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Things To Know About Composite Decking

January 16, 2024
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Even though the deck in your backyard may seem perfect, keeping that raised surface of wood in good condition can be quite the task. Homeowners gladly embraced the less demanding plastic-composite decking when it emerged in the 1990s, even though it was more expensive and only came in grey. Ten years later, sales of composites skyrocketed as businesses started to offer new goods that looked like Brazilian walnut and fresh-cut cedar but never went grey.

The environmental benefits of such widespread use are significant as well, since the majority of composites are manufactured from waste materials like sawdust, discarded plastic milk jugs, and shopping bags.

It is irrelevant that composites don’t feel or look like real wood. Once installed, they simply work and require a yearly wash-down, which gives you lots of opportunity to practise taking naps.

In this blog is a thorough explanation of composite decking and all you should know about it.

What Is a Composite Decking Board Made Of?

Particles, UV blockers, and borate preservatives are combined in equal parts with wood fibre and plastic, which is typically heated and extruded. The heating surface is embossed with any texture before it cools.

Waste Wood: Pulverised wood from furniture manufacturers and mills

Recycled Plastic: Shredded plastic made from shopping bags and milk bottles.

Pros & Cons of Composite Decking

Consider the advantages and disadvantages of composite materials before committing.

PROS:

Lower maintenance: You can stop worrying about staining and bleaching wood every other year. You can recover the greater cost of composites in around five years with the savings you receive by forgoing the use of these coatings and cleaning supplies.

Long lifespan: Composites are resistant to warping, checking, and termite damage. You can walk barefoot without worrying about splinters.

Minimal fading: After two or three months in the sun, all composites take on a somewhat lighter tone before the fading ceases. (When wood is left to its own devices, it eventually turns grey.)

Longer boards: up to 5.4 metres, meaning fewer joints at the ends.

High recycled content: All boards are made from at least 80% recycled timber and HDPE, with our Classic range of Ekodeck made from over 90% recycled materials.

CONS:

High initial cost: The cost of low-end composites is around thirty percent more than that of pressure-treated pine. Expensive composite decking costs are comparable to those of ipe (ee-PAY), a hardwood that is cut from tropical rainforests.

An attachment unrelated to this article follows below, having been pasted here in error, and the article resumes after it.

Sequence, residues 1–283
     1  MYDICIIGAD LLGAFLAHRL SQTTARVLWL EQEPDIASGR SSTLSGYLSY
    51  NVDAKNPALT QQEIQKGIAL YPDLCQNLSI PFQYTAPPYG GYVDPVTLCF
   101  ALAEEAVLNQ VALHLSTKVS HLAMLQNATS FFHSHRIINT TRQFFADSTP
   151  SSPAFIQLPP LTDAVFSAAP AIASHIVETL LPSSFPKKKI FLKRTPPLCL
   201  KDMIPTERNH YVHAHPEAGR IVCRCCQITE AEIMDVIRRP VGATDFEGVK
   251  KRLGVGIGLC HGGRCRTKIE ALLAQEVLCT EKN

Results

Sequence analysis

Easily scuffed: New composites are easily scuffed by moving furniture, playful dogs, and gritty shoes. Although they can’t be sanded entirely, light scratches eventually blend in.

Prone to staining: Food and grease have the ability to quickly discolour wood fibres. Furthermore, when wet, the hardwood in many mixtures can leave uneven, dark tannin stains; however, these eventually fade.

Hot underfoot: As dark composites roast in the sun, they get warmer, much like dark hardwoods. Boards with deeper grooves and lighter colours are better suited for bare feet.

Doesn’t truly look like wood: While some boards are more successful than others at simulating wood, they may be identified by touch or close inspection.

Installing It Right

This decking does not decay like wood does. Here are some significant distinctions to remember.

Joist distance. If joists are set more than 406 mm apart on the centre, composites will bow. Where to put screws. If composites are face-fastened too near an edge, they could crumble. Commonly, suggested spacing screws is 19.05 mm away from edges and ends, while the angles, the screws are slightly towards the joist at the butt ends.

Butt-end spacing. The distance between the butt ends. When installing, keep an eye on the temperature and strictly adhere to the manufacturer’s recommended spacing guidelines since boards tend to grow longer in hotter weather and shorter in colder weather.

Edge spacing. The distance between edges. Narrow holes can quickly become clogged, which raises the possibility of mildew and stains developing as well as the possibility of boards getting wet and breaking too soon.

High recycled content: All boards are made from at least 80% recycled timber and HDPE, with our Classic range of Ekodeck made from over 90% recycled materials.

Conclusion

For homeowners, composite decking offers an enticing alternative because of its longevity, low maintenance requirements, and positive environmental effects. It is an attractive option because of the possible long-term savings and environmental benefits, even with the greater initial cost. Customers should be mindful of the material’s unique feel from real wood, scuffing, and staining problems. For best results, installation procedures must be followed correctly. In doing so, contacting a professional decking contractor is always the best choice.


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